I was reading an interesting article today about a journalist, Jessica Evans, with a “Scouse” accent (think Paul McCartney and the BEATLES) who felt that her accent had adversely impacted her career in many ways, both obvious and more subversive. She had moved from Liverpool to London to begin her career as a journalist with excitement. We all have strong emotional attachments to our accents related to our friends, family and identity but the accent discrimination she faced when leaving home caused her to become conflicted about her accent. Once arriving in the big city she had variously been asked to “tone down” her accent when doing T.V. interviews as her accent was not “on brand” for the middle to upper class audience to even worse generalizations at a major fashion publication where her boss said that “people who speak like you don’t really know much about fashion so how did you end up in this industry?”
Wow, shocking, right? While this reinforces the power of an accent, what is the underlying message? This journalist’s speech was completely clear and intelligible. Is it true that you can’t be taken seriously in your career because of your accent?
A recent survey conducted by ITV/ComRes found that 38% of Britons feel that they have experienced prejudice over the way they speak, both on a personal and professional level. Another study by law firm Peninsula found that 8 out of 10 employers admitted to making discriminatory hiring decisions based on regional accents.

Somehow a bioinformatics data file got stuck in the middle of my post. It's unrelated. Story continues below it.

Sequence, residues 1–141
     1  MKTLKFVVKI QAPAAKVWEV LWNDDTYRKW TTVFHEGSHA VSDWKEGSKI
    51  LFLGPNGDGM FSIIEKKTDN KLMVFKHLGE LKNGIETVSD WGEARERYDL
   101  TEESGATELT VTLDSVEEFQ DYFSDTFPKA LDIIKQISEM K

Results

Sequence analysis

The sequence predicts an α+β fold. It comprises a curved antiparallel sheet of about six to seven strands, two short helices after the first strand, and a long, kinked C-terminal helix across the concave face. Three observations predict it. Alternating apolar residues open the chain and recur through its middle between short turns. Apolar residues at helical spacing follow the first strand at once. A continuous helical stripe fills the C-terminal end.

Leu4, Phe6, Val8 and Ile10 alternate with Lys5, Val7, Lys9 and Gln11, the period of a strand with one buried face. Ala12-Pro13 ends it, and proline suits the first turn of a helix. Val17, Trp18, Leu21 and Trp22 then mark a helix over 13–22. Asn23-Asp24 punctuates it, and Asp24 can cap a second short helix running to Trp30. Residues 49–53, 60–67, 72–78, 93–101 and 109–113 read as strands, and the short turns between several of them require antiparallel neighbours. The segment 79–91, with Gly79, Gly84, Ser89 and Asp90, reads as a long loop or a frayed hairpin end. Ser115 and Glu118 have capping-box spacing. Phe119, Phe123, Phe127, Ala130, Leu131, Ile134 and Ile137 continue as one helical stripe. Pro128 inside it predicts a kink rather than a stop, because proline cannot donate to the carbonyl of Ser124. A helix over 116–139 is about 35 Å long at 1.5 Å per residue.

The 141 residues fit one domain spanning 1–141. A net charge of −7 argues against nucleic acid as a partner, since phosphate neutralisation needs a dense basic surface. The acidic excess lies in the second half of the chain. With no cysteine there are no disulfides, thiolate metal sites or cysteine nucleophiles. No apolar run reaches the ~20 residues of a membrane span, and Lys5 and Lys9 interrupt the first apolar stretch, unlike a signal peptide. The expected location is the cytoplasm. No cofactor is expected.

Some experts suggest that this type of discrimination comes from our generalized social perceptions associated with an accent rather than the accent itself. In a previous blog, I wrote about whether posh accents were associated with success, education, wealth and intelligence. ITV’S survey also found that posh accents were voted to be the most trustworthy and intelligent while this journalist’s Scouse accent was voted to be the least! These social perceptions can be detrimental to our confidence and our careers and downright demoralizing. This journalist said that she became self conscious about speaking up in meetings and presenting her valuable ideas.
Accent reduction is reportedly on the rise in the U.K.. People are seeking out the help of Speech therapists to “soften” regional differences and to help boost self confidence and career success. Even young boys have been recorded as saying “We sound right scruffy like, we won’t get proper jobs” by ITV.
At Change Your Accent we believe that there is a difference between the valuable cultural identity related to an accent and when an accent is difficult to understand. There are many strategies and techniques which allow someone with an accent to be easily understood but which also let you maintain your identity. Surely in this melting pot we live in the diversity of our accents would be welcomed and not shunned.